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      • The stated mission of the Centers for Disease Control and Prevention, commonly called the CDC, is "To promote health and quality of life by preventing and controlling disease, injury, and disability.".
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  2. Centers for Disease Control and Prevention - Wikipedia

    en.wikipedia.org › wiki › Centers_for_Disease

    The Communicable Disease Center was founded July 1, 1946, as the successor to the World War II Malaria Control in War Areas program of the Office of National Defense Malaria Control Activities. [8] Preceding its founding, organizations with global influence in malaria control were the Malaria Commission of the League of Nations and the ...

    • US$11.1 billion (FY18)
    • July 1, 1946; 74 years ago
  3. Mission, Role and Pledge | About | CDC

    www.cdc.gov › about › organization

    May 13, 2019 · CDC works 24/7 to protect America from health, safety and security threats, both foreign and in the U.S. Whether diseases start at home or abroad, are chronic or acute, curable or preventable, human error or deliberate attack, CDC fights disease and supports communities and citizens to do the same. CDC increases the health security of our nation.

  4. Coronavirus Disease 2019 (COVID-19) | CDC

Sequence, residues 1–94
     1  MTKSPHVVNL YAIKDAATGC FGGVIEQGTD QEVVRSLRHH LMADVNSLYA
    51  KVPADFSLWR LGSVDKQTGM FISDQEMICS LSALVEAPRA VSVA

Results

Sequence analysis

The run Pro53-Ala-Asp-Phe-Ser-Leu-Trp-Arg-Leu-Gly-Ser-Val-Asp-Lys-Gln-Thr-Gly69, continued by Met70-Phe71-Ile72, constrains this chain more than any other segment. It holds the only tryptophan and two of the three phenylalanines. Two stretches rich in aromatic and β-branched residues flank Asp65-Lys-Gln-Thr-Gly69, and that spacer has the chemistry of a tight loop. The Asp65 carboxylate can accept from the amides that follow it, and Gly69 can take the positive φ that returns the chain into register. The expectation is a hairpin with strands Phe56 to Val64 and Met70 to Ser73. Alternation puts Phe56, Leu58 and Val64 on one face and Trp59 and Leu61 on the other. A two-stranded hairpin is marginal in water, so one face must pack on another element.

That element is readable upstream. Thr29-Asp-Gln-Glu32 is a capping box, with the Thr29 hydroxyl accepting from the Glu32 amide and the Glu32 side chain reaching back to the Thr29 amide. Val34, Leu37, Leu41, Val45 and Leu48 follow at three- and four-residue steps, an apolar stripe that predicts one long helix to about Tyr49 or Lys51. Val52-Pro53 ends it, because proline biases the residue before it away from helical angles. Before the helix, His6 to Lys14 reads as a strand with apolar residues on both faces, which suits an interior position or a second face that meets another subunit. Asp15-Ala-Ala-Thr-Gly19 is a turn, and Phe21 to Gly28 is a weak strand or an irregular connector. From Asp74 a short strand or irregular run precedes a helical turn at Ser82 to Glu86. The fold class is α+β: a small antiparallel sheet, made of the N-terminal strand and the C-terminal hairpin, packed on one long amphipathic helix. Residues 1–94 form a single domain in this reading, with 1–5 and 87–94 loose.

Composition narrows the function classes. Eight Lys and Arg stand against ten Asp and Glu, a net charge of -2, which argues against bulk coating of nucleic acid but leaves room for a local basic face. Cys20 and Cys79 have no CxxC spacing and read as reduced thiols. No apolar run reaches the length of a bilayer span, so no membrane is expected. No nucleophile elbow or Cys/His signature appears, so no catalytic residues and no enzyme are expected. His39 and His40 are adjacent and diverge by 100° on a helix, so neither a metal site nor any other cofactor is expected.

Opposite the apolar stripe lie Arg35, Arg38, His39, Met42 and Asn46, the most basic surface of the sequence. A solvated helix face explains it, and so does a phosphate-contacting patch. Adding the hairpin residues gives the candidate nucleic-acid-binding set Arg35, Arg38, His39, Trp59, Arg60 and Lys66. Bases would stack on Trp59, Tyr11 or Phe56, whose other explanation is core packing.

www.cdc.gov › coronavirus › 2019-ncov

    May 05, 2021 · The Centers for Disease Control and Prevention (CDC) cannot attest to the accuracy of a non-federal website. Linking to a non-federal website does not constitute an endorsement by CDC or any of its employees of the sponsors or the information and products presented on the website.

  5. Centers for Disease Control and Prevention

    www.thebody.com › content › art17026

    Centers for Disease Control and Prevention As a part of its overall public health mission, CDC provides national leadership in helping control the HIV epidemic by working with community, state,...

  6. As it continues to work to protect the country against highly infectious diseases, the Centers for Disease Control is taking a close look at the CDP’s new highly infectious disease ward and its set of highly infectious disease-related courses.

  7. What is ADHD? | CDC

    www.cdc.gov › ncbddd › adhd
    • Signs and Symptoms
    • Types
    • Causes of ADHD